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  • sailorstacey

On the Hard

Updated: Dec 7, 2018

There are some major differences in living aboard a boat that is "on the hard" instead of in the water. The first is the motion––or lack of it. Jacked up on stands 12 feet off the ground on a concrete pad, her rudder laying beside her, Delfina is certainly not being put to her highest and best use–sailing. The second is the noise. Instead of waves slapping against the hull, we hear the low roar of the highway, the whistle of passing trains, the constant whir of machinery in this busy boatyard. Lauderdale Marine Center is the largest boatyard in the country, and there are literally hundreds of boats under repair at any given time.

Delfina is in a state of mild disarray: cushions are upended so that Christoph can get to the lockers situated below the berths; his tools are out, the deck is dirty. We are at the mercy of our fiberglass contractor now. As soon as he finishes repairing the rudder, we will be launched again and will seek our window to cross to the Bahamas. This is likely several days away, as he has to build up and grind down layers of fiberglass. We are pushing hard for all repairs to be completed before the holidays. We have begun to study the off-shore weather closely, and are listening to Chris Parker's excellent and informative forecasts on single side-band radio.

In the meantime, we are getting used to living in a state of suspended animation. I have been revising my memoir about the aftermath of the accident that resulted in Jonah's death, "One Hand to the Earth and One Hand to the Sky." I appreciate having long stretches of time for writing. Christoph has found a variety of projects to occupy his time. He installed new stereo speakers, and repaired the water maker. Now he's trying to find out why the bowthruster is leaking droplets of oil. When we are not transmitting estimates from contractors to the insurance adjuster, we are exploring the beaches and wetlands around Fort Lauderdale. There are wonderful looping boardwalk trails through salt marshes filled with palms, ferns, strangling figs and mangroves, where crabs scuttle and escape into their deep holes in the sand. We spotted the large round bodies of manatees swimming in the New River, their sleek heads bobbing as they sip a quick breath of air.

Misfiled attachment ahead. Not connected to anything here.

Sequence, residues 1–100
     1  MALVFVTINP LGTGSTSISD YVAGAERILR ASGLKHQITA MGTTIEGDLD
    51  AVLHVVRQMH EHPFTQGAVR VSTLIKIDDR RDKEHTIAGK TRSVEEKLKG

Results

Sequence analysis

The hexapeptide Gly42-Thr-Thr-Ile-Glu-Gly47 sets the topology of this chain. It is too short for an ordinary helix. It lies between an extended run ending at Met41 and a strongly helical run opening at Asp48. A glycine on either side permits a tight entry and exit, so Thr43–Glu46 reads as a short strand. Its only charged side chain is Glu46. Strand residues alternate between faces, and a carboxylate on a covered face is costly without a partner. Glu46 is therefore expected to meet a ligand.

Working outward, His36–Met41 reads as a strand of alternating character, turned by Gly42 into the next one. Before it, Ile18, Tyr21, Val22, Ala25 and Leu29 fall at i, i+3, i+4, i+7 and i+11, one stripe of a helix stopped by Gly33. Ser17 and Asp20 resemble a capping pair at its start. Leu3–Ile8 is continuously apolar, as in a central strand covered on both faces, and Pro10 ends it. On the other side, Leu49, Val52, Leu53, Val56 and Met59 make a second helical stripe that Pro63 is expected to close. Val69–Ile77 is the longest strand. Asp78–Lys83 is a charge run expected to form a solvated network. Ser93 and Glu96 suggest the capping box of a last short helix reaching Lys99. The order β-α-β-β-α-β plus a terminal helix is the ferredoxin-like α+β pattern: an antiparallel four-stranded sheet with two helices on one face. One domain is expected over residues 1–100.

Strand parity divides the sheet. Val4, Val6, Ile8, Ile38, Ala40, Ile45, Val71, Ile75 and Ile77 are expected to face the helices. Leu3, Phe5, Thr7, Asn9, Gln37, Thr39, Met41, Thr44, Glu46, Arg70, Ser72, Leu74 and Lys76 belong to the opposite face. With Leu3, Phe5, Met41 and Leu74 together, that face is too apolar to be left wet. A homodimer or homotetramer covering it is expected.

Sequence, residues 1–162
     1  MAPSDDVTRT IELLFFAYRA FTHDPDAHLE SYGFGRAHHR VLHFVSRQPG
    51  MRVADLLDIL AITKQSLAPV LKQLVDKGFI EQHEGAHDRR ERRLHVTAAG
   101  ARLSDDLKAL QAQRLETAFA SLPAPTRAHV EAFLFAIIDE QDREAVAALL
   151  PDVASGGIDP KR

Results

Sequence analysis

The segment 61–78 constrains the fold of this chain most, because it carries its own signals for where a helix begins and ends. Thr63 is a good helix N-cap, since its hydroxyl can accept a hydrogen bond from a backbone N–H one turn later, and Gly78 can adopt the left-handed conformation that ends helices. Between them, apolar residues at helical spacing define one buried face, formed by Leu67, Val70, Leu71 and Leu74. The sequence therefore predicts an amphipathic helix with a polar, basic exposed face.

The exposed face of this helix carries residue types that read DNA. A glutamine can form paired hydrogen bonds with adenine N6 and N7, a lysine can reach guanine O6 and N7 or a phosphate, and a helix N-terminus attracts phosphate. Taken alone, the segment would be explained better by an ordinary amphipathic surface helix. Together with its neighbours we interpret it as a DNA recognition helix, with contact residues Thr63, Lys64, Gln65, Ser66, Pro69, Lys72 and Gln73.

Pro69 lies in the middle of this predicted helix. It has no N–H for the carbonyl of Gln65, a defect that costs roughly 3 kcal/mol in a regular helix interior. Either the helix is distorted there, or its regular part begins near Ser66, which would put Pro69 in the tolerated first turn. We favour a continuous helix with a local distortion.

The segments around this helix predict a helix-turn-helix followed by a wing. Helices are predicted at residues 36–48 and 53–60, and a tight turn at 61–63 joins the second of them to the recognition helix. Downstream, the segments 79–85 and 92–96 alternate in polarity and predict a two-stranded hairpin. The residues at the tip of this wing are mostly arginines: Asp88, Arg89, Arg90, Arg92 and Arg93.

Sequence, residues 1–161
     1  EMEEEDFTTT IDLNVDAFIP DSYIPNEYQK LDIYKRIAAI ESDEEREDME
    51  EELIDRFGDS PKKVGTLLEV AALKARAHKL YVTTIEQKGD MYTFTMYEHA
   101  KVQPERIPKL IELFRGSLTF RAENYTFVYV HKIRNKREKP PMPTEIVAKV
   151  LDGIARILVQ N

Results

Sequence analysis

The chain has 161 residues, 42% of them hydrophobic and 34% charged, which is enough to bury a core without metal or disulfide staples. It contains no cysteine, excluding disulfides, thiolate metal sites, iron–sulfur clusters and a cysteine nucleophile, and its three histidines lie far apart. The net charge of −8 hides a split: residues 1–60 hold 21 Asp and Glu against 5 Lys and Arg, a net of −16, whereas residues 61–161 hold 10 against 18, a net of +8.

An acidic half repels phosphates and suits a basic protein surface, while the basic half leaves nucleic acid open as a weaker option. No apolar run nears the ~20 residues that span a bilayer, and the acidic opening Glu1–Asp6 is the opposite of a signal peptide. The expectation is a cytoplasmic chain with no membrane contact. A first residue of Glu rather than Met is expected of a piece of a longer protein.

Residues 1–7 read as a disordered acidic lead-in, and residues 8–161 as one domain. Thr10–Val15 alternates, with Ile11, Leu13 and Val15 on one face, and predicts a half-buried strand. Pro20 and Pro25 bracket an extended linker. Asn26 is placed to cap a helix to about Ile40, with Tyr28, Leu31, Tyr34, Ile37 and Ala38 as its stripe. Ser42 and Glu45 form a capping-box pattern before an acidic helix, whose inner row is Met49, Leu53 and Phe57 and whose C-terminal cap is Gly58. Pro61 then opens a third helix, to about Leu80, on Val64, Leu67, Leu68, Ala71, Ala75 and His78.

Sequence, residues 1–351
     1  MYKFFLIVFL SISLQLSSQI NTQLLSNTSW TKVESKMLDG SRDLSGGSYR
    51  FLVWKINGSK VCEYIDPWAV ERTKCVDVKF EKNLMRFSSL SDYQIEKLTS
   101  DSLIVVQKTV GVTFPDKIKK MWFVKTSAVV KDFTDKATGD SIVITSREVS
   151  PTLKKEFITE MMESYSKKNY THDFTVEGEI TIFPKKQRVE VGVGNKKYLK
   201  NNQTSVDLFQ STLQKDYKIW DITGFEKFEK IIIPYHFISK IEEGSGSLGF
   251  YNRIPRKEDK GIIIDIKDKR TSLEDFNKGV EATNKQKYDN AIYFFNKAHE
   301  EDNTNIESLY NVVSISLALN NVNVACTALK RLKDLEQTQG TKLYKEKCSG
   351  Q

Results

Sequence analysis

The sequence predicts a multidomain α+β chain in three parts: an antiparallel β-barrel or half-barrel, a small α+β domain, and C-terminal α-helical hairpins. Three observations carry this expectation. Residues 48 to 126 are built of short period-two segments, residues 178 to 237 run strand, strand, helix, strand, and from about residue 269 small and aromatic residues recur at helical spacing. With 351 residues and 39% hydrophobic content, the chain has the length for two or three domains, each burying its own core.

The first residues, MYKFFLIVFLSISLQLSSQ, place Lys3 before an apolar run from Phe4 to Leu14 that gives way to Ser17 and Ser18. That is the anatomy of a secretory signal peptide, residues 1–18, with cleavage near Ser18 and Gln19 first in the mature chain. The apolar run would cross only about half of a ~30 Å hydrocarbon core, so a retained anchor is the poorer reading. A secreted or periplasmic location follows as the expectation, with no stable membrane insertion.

Mike and Karen met us at Grassy Waters preserve, where we wandered along the boardwalks, stopping at thatch-roofed seating areas to peer through binoculars and telescopes at the rare snail kites as well as the plentiful anhingas and egrets. The frantic thrashing of a feral pig surprised us.

Traversing the wooded trails at Hugh Taylor Birch State Park, we had to avoid the parts that were underwater at high tide, and wound up at its hip beach bar for cocktails. The ocean is warm enough for swimming, and lifeguards patrol the beaches, so we have dipped in the ocean too. All in all, this prolonged detour has just become part of our adventure.

It is the second day of Hanukkah; last night we lit our menorah and watched the colorful candles burn in a stainless steel bowl. With boatyard wifi, we can stream Netflix, so there are occasional movie nights. So long as we buy ice each day, we can keep food in the refrigerator and eat some meals aboard. We discussed the idea of checking into a motel, but the truth is that we're just as happy aboard Delfina, and can stay in better contact with the contractors if we remain close by. The Miami Art Fair begins this week, and we plan to drive down and meet our friends Jill and Sheldon there.

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